Origins of the Ouija Board
How did ouija board become so overrated? Ouija is not overrated just because the board's power isn't real. We know it's powered by the psychological ideomotor effect. A type of subconscious movement that guides the responses. However it doesn't explain why the board has existed a part of our lives and why ouija and ouija rip offs are what you see over and over again in T.V and movies. Really bad movies. But the real shock is that the piece of cardboard has a story that spans two centuries and it actually says something about our history and our culture. ‘There is no Death, what seems so is transition’. This life of mortal breath is but a suburb of the life of Elysian whose portal we call death that's from Longfellow the same legendary poet who wrote about the midnight ride of Paul Revere. In the 1800s, spiritualism and Americanism were intertwined in weird ways. Though what we call spiritualism started in the early to mid 1800s in Europe- seances, ghost stuff, etc. It really picked up on the US in the 1850s and 1860s. The civil war caused around a million casualties. But more broadly death was a constant. In 1857 hundreds of spiritualism newspapers like Banner of light. It even had a column filled with messages that claimed to be from the spirit world beyond. The spiritual fixation endured. The Long fellow poem was the epigraph to a hit book in 1891- the bestselling “there is no death”. Where does the Ouija come in? For that you have to go to the patent office.
A patent from 1891 has a direct ancestor to the Ouija Board. Fittingly the game has a murky origin. But Americans Elijah Bind and Charles Kennard were behind that version. It had all of the ingredients on the board with the yes and no and a planchette- that's the name for the pointy things that picks your letter. There were theories about the name- Some say It was for the novelist Ouida. Others claimed the board itself spelled its own names. But the most likely explanation is that it was Egyptian- sounding, since that's how it was marketed and explained on that first patent. The next year, Entrepreneur William Fuld Patented his own talking board. However Ouija was the brand that took off so Fuld and company bought it. The spirits pointed to profit. He fended off tons of competitors including his own family members and built a name he had legal backings. The spirit world finally had what had eluded it in life: a solid brand identity. When the Washington times did a puff article on mental trouble in DC, they didn't mention they didn't mention boards, but they did mention about “Ouija” When Pearl Curran Claimed to have written novels by channeling her ouija board. She wrote the name that she allegedly contacted Patience worth she used Ouija. This brand kept Ouija Going through the 20th Century, Along with Fulds legal maintenance.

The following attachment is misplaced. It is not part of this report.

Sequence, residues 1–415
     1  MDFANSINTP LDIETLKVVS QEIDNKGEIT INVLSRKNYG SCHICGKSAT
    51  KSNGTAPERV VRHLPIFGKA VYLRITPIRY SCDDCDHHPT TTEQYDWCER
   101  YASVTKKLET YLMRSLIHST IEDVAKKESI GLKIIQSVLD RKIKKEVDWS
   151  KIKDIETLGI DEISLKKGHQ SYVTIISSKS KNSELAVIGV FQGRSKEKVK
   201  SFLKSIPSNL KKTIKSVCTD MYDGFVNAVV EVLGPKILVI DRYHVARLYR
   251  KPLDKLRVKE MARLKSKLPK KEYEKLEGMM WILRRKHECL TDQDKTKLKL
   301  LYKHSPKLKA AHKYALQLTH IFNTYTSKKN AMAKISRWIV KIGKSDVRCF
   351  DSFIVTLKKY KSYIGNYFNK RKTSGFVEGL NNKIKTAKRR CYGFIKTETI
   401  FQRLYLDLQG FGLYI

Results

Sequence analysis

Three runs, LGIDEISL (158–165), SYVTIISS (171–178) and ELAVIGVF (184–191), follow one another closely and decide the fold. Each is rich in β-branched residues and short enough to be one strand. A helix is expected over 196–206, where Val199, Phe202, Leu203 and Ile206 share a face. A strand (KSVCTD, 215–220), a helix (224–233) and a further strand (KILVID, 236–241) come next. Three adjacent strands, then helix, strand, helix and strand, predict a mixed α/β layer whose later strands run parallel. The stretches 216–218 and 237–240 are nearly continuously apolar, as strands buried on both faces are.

The spirit world went corporate, further merging into pop culture and the occult. Today, Ouija is a little horror, a little kitsch, and a little fun. There have been corporate shifts, but the board is a staple, which is a very impressive journey for a simple image and a piece of plastic. That journey was powered by the beliefs of people like Longfellow and the mysterious forced United states patent systems. And we are being spoken to, in a way, by people from the past. Not through the messages from the spirit realm, but through the history of a decorated piece of cardboard. Ouija might be overrated, and it's probably not real.
The Beliefs from the Ouija Board has evolved over time and It is honestly now a cult classic in the horror franchise as we speak, Often used by spiritual entities to contact unwanted spirits. In conclusion the Ouija Board had changed universally who knows if they are real, maybe they are or maybe they aren't.